Report: Ukraine military dolphins to switch nationalities, join Russian navy
March 27, 2014 -- Updated 1141 GMT (1941 HKT)
Dolphins can detect sounds and objects in murky waters that human beings can't.
- Russia plans to take custody of Ukraine's combat dolphins, news agency reports
- Dolphins are a crucial part of open-water security
- From a military perspective, they're effective at highlighting dangers on the sea floor
(CNN) -- Just when you thought this divorce couldn't get any messier.
Weeks after Russia annexed Ukraine's Crimea region, it plans to take custody of dolphins in the nation as well.
Not just any dolphins. These highly trained military mammals detect risks such as sea mines or enemy scuba divers trying to slip through. Sea mines are sophisticated weapons that can sink ships and other watercraft.
"The combat dolphin program in the Crimean city of Sevastopol will be preserved and redirected toward the interests of the Russian navy," state-run Russian news agency RIA Novosti reported Thursday.
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Dolphins are a crucial part of open-water security. They detect sounds and objects in murky waters that human beings can't, making them uniquely effective at highlighting dangers on the sea floor.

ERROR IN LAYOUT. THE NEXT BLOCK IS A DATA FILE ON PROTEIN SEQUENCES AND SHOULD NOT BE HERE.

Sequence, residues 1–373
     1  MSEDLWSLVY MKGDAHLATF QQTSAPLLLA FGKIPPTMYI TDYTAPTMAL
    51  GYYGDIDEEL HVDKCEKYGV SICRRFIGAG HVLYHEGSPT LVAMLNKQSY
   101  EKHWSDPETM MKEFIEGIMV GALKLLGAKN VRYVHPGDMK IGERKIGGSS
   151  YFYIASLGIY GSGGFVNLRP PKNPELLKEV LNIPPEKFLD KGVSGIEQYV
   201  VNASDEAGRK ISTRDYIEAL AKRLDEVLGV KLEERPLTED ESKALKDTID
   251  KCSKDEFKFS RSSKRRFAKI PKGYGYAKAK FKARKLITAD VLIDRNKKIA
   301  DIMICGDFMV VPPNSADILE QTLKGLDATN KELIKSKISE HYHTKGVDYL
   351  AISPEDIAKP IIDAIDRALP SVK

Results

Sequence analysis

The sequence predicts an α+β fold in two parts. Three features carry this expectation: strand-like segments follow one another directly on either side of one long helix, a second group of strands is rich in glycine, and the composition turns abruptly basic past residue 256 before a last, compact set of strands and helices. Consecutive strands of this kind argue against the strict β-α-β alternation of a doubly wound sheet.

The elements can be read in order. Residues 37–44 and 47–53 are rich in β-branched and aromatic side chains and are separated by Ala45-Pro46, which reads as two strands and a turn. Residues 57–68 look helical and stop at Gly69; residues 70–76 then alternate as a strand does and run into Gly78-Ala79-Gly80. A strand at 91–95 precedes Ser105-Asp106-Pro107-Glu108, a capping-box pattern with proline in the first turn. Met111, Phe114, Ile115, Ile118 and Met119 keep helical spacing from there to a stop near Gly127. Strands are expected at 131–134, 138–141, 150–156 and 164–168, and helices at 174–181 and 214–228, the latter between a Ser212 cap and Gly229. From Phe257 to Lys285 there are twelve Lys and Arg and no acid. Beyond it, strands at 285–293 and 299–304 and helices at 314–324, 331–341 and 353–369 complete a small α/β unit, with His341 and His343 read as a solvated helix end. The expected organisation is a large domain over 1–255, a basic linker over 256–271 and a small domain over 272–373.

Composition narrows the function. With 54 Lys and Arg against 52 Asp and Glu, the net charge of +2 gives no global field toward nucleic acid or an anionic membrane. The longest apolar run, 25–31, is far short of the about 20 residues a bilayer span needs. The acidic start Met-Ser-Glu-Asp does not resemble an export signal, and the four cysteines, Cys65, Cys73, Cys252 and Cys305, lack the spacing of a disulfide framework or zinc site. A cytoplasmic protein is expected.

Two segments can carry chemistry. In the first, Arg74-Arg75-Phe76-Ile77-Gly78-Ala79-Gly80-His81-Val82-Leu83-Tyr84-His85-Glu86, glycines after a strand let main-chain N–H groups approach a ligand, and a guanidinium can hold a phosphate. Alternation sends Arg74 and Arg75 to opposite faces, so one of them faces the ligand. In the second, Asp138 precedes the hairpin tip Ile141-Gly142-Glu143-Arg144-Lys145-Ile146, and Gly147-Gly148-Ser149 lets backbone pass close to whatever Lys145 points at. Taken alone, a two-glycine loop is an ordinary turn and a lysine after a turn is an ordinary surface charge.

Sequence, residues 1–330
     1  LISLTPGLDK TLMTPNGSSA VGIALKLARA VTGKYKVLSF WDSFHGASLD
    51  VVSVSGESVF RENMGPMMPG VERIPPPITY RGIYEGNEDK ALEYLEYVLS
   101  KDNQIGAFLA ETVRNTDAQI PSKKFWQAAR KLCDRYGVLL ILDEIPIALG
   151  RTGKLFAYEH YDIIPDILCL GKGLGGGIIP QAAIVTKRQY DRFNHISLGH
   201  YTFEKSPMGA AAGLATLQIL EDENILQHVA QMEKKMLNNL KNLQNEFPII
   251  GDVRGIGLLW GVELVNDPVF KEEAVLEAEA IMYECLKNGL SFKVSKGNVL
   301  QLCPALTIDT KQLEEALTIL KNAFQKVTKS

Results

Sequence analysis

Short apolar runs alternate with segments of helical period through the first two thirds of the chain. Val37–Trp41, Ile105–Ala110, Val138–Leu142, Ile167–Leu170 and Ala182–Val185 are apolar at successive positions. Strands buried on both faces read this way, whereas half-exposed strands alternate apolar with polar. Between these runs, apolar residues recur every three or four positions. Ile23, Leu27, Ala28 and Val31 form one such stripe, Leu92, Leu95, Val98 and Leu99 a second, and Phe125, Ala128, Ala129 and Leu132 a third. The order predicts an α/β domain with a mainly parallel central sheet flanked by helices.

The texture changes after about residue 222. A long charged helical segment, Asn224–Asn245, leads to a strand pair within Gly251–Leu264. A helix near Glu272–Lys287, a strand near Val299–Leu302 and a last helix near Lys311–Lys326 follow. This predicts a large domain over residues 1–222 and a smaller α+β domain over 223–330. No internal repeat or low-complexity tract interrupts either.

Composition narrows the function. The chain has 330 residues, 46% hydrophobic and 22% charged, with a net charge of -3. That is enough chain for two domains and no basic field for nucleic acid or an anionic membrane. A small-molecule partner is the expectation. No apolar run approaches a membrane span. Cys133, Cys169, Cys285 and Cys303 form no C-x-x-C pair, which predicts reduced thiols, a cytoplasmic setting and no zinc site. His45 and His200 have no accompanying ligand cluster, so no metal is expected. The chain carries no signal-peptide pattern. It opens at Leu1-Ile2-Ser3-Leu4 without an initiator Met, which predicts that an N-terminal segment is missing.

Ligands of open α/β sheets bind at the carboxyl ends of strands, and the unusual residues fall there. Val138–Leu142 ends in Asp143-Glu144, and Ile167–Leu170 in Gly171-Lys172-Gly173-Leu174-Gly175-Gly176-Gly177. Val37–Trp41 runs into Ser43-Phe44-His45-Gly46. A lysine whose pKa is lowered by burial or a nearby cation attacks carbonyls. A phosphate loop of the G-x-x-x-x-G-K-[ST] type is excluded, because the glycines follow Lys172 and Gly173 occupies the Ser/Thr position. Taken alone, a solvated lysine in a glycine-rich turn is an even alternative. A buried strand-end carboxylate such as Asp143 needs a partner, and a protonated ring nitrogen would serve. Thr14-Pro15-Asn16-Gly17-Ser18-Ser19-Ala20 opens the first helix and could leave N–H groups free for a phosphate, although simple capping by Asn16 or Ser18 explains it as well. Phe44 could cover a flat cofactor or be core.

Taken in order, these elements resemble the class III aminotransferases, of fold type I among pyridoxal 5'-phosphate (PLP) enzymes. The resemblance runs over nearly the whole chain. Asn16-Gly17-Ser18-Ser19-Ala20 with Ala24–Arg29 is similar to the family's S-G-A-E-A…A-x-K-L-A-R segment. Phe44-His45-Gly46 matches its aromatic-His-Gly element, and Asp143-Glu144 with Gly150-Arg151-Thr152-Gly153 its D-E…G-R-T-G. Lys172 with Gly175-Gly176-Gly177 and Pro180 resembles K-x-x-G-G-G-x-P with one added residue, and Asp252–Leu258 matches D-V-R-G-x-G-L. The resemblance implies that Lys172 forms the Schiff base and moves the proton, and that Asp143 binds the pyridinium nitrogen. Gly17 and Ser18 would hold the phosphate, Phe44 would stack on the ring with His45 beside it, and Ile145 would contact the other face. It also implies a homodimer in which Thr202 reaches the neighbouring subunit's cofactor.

Harnessing the military power of animal intelligence
Ukraine was using outdated military equipment for the dolphin program and planned to disband it next month, RIA Novosti said.
The Ukraine Defense Ministry told CNN that the nation has an ocean dolphin facility, but declined to provide details, saying they're classified.
The dolphin program dates to the 1960s, when Russia and Ukraine were part of the Soviet Union, but was handed over to Kiev after independence.
The U.S. Navy in San Diego also trains dolphins and sea lions to help protect its assets and find dangerous objects underwater.
Tensions between Moscow and Kiev have escalated since Russia reclaimed the Crimea region after a referendum this month that overwhelmingly supported the annexation. The United States and its allies have pledged to isolate Russia for its actions.
Ukraine also has combat sea lions that operate under the same base. It's unclear whether they'll be barking allegiances to Moscow or Kiev.
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CNN's Lisa Emmanuel and Victoria Butenko contributed to this report.
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